• China's Lunar Palace 1

China's Lunar Palace 1 (Photo : Getty Images)

China has started training eight volunteers to become the country's first lunar explorers by sending them to live in "Yuegong-1," a simulated space cabin, the Xinhua News Agency reported.

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The training is expected to enhance the scientists' knowledge and understanding of the conditions for humans to stay on the moon for a medium or long period as a potential destination for lunar tourism.

According to the report, all the volunteers are civilians and they are postgraduate students from Beihang University.

They are divided into two groups. The first group, composed of two men and two women, will start living in the cabin on Wednesday, May 17, and will stay there for 60 days.

They will be replaced by the second group, also made up of two men and two women, who will live in the cabin for 200 days.

The first group will return later to spend the remaining 105 days.

Dubbed "Yuegong-365," the experiment is the university's second attempt to test how the Bio-regenerative Life Support System (BLSS) will work in an environment similar to the moon. The first trial for the BLSS was conducted for 105 days in 2014.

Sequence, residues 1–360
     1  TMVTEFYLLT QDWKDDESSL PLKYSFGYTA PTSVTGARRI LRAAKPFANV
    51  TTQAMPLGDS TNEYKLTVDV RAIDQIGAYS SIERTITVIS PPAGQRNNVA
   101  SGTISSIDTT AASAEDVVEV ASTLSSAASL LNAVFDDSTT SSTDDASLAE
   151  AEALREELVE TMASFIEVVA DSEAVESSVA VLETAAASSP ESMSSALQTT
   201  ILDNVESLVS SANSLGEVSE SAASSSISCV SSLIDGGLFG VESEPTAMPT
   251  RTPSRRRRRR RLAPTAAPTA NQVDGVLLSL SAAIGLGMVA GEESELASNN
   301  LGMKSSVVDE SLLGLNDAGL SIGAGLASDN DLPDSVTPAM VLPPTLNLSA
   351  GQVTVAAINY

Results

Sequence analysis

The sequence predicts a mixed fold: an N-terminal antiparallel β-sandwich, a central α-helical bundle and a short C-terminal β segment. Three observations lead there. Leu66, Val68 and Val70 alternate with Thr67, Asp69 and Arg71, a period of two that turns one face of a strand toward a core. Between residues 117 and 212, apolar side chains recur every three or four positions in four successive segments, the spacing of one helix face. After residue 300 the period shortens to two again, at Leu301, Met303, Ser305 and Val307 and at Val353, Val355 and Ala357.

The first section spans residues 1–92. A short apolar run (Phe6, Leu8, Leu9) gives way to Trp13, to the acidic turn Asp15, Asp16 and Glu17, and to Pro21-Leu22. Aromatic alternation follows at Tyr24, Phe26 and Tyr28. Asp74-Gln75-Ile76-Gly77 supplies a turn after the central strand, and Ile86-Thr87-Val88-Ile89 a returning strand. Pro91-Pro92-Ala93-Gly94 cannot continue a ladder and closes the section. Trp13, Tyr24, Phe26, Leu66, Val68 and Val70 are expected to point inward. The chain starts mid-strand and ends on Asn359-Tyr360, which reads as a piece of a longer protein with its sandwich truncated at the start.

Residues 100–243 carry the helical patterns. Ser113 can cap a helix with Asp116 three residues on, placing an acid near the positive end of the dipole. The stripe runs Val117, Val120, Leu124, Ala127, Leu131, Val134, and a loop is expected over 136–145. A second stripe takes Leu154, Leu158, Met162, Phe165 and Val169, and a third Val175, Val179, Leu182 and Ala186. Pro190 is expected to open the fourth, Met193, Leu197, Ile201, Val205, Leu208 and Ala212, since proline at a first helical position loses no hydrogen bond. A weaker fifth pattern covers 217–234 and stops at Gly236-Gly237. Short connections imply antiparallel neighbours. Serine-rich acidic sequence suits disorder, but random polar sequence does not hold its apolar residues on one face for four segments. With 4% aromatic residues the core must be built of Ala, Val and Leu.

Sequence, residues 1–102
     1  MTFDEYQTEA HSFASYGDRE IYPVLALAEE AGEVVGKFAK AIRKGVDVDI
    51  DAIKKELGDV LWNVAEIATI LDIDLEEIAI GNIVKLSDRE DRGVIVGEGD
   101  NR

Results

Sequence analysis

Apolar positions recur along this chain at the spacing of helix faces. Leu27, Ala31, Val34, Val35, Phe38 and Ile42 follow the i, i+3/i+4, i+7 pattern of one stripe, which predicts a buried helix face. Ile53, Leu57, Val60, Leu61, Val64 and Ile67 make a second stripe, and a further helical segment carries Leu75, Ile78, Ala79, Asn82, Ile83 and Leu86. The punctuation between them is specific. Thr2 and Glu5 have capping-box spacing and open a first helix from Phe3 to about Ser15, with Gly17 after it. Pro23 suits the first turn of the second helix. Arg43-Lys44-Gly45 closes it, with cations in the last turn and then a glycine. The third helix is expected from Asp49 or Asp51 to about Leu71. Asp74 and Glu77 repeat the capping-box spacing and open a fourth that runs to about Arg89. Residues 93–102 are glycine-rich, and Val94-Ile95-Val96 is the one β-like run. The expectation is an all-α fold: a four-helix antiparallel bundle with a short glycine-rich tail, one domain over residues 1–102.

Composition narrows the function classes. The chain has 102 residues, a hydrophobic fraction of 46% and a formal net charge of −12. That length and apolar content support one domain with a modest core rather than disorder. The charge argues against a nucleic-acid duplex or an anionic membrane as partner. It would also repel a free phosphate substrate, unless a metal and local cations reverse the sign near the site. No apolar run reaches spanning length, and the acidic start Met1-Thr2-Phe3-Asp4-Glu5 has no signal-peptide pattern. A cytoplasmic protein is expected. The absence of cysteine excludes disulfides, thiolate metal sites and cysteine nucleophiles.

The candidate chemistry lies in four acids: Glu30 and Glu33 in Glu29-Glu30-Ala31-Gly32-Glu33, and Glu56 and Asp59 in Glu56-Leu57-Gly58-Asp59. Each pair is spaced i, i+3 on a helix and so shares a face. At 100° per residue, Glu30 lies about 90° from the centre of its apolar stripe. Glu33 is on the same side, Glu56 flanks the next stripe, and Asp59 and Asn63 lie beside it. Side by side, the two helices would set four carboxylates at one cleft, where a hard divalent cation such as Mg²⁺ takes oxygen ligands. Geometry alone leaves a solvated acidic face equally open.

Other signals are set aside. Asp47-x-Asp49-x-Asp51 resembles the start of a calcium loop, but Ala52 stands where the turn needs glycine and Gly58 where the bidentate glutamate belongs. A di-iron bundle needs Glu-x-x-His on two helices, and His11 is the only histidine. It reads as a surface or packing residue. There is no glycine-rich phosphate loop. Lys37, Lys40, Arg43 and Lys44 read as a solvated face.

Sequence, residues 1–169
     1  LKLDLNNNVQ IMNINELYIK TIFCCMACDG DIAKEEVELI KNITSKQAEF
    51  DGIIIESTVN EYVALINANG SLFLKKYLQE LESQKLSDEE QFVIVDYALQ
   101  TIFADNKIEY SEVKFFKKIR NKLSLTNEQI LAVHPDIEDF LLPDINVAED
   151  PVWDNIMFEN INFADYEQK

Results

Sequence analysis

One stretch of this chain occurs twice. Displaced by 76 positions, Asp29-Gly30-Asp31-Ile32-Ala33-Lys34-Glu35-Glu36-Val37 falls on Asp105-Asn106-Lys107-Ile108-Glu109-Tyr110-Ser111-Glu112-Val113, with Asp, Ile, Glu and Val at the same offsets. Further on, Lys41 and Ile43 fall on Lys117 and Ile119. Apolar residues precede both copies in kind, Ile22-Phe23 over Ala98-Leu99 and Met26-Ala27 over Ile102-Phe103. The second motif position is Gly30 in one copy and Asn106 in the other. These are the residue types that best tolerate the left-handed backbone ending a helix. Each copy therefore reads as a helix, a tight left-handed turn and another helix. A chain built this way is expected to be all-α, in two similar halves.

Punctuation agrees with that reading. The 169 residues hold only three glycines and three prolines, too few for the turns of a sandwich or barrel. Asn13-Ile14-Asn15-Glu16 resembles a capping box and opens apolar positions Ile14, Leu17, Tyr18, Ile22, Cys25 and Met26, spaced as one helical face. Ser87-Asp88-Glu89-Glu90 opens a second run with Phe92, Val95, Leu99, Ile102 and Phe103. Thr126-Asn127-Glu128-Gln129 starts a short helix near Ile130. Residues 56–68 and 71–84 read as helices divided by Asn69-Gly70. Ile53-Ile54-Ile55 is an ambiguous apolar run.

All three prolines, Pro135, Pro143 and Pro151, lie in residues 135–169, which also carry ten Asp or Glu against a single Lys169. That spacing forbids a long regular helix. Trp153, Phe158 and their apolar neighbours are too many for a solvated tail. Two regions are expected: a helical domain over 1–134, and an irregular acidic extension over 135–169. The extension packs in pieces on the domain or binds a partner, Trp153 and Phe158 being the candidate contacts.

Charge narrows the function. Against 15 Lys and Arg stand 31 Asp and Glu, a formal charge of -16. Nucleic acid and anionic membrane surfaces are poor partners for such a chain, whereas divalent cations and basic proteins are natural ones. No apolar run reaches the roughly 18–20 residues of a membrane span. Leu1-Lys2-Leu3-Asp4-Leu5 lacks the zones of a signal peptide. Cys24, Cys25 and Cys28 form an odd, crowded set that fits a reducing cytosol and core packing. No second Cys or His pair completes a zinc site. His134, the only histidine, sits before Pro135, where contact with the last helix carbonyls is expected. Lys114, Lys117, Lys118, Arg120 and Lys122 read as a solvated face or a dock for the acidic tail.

Animals, plants and microorganisms co-exist in the BLSS, where food and water are recycled in the system to create an Earth-like environment.

"The BLSS is absolutely crucial to probes to the moon and to Mars," Liu Zhiheng of the Chinese Academy of Sciences said. "The latest test is vital to the future of China's moon and Mars missions and must be relied upon to guarantee the safety and health of our astronauts."

According to Liu Hong, chief designer of "Yuegong-1," the new program was designed to test the BLSS on astronauts as they take turns to live in the cabin and how they will respond to situations such as blackouts.

The "Yuegong-1" is made up of a living space and two plant cabins or "greenhouses." The major cabin measures 42 square meters, while each plant cabin is 3.5 meters high and 50 to 60 square meters in area.

The major cabin has four bed cubicles, with a common room, a washroom, a waste-treatment room and an animal-raising room.

The system is sufficient to meet the basic needs of the four "astronauts" as they conduct their research, the report said.